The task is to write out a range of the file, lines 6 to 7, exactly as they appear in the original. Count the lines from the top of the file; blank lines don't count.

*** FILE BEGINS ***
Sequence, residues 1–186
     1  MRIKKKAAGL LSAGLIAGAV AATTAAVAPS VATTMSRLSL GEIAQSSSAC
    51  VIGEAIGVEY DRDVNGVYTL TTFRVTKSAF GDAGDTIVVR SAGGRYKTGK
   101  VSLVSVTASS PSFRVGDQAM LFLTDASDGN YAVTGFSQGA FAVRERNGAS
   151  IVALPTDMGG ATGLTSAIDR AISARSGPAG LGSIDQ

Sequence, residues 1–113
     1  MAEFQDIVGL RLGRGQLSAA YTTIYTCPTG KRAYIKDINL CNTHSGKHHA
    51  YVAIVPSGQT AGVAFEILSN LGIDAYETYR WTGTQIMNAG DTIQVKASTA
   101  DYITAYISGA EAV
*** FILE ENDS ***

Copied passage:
Sequence, residues 1–113
     1  MAEFQDIVGL RLGRGQLSAA YTTIYTCPTG KRAYIKDINL CNTHSGKHHA